3. 4 out of 5

    Rick Wolff

    This is an excellent exegesis of Kurosawa's classic film Rashomon. The author intermingles his critical read of the film with Kurosawa's biography and Japanese history, insightfully showing how each impacts the other. The effect is poetic; those suggesting the book is repetitive fail to appreciate the interwoven web the author weaves. In so inventively showing connections among a film, a life and a country's history, the author interrelates strands of his tale in and out, back and forth, skillfu This is an excellent exegesis of Kurosawa's classic film Rashomon. The author intermingles his critical read of the film with Kurosawa's biography and Japanese history, insightfully showing how each impacts the other. The effect is poetic; those suggesting the book is repetitive fail to appreciate the interwoven web the author weaves. In so inventively showing connections among a film, a life and a country's history, the author interrelates strands of his tale in and out, back and forth, skillfully mentioning a previous story with a mention to show how it relates yet again to another part of the mosaic. His correlations are so perfect, symmetrical and regular that one senses they are somewhat more the product of the author's genius than necessarily reflections of reality. Still, their possible connectedness is what holds the reader's intrigue. The read on the film is impressive; even if you find parts of his all-too-perfectly-interrelated arguments about how Kurosawa's past and Japan's history impact the directors films, the interpretation of Rashomon itself makes this fascinating book worth a read.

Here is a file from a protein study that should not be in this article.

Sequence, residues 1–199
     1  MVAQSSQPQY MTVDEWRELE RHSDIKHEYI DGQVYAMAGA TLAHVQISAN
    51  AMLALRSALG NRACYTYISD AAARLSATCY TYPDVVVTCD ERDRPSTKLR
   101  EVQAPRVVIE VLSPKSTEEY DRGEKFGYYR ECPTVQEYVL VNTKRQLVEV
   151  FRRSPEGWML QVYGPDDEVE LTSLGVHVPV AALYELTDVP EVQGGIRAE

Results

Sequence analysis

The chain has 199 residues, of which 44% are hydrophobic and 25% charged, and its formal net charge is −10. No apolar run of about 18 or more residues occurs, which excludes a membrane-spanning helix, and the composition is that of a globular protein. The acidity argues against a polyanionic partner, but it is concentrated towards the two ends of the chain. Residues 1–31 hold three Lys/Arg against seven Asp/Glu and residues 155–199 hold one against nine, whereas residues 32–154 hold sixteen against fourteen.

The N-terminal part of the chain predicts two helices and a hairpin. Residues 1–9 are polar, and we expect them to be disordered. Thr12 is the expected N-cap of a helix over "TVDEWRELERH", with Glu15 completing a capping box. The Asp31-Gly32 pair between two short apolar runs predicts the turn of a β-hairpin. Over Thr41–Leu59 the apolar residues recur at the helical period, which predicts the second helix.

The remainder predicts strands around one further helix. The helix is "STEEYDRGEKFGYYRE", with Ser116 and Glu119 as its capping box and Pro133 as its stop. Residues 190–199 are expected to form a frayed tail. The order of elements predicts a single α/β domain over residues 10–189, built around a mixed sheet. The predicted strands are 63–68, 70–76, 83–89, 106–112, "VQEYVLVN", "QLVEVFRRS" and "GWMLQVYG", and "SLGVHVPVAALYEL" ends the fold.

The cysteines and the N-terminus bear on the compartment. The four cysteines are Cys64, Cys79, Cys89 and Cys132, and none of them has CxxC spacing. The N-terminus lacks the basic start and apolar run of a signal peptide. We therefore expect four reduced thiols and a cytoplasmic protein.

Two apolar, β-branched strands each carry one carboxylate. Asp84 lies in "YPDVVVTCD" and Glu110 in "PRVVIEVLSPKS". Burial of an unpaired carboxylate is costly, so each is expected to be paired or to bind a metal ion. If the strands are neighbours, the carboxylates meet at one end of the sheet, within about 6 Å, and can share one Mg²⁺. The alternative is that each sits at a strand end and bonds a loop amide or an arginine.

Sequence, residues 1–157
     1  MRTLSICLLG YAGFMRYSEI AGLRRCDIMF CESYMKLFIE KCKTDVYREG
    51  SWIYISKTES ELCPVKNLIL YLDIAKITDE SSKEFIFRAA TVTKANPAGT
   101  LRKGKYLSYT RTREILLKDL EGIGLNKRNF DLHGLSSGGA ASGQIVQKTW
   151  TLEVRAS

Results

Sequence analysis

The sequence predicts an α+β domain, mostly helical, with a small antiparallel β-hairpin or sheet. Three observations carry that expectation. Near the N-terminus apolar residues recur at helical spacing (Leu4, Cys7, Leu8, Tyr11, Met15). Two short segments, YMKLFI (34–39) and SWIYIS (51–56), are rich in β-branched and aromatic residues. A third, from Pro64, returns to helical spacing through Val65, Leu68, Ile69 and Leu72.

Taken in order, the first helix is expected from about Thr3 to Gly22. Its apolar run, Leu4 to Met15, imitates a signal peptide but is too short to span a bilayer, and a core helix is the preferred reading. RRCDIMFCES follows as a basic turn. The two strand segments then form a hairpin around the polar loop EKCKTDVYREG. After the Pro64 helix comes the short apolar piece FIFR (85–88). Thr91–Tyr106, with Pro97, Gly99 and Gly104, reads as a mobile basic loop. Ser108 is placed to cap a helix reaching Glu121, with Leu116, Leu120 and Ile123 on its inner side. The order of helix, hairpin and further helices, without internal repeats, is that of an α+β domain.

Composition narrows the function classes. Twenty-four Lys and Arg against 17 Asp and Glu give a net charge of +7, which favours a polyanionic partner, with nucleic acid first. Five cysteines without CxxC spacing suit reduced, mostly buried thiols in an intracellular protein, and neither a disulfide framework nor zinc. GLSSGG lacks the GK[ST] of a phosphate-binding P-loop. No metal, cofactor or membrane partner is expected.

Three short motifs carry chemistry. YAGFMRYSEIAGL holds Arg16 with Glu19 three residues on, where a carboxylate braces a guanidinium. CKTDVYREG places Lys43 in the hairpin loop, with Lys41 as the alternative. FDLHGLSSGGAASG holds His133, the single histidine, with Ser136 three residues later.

4. 5 out of 5

    Nick

    There is much to enjoy about Anderer's examination of the influences of Kurosawa's Rashomon. Unfortunately, the narrative jumps back and forth in time and between movies at such a fast pace that it ends up being repetitive and hard to keep up with, despite the excellent insights. Although loosely organized, I think the book would have worked better with a chronological or topical structure leading up to a description of the making of Rashomon, and then how the themes carried through in the rest There is much to enjoy about Anderer's examination of the influences of Kurosawa's Rashomon. Unfortunately, the narrative jumps back and forth in time and between movies at such a fast pace that it ends up being repetitive and hard to keep up with, despite the excellent insights. Although loosely organized, I think the book would have worked better with a chronological or topical structure leading up to a description of the making of Rashomon, and then how the themes carried through in the rest of Kuraswa's films. The book also relies heavily on Kurosawa's own memoir, which is an easy and insightful read in itself, and would have been better if it had focused more on insights from Japanese-language sources not accessible to the most readers. This book is a quick, worthwhile read for fans already familiar with Kurosawa's movies and with some knowledge of Japanese history, culture, and literature, but is not necessarily accessible to somebody new to Japanese cinema.

  5. 5 out of 5

    M.R. Dowsing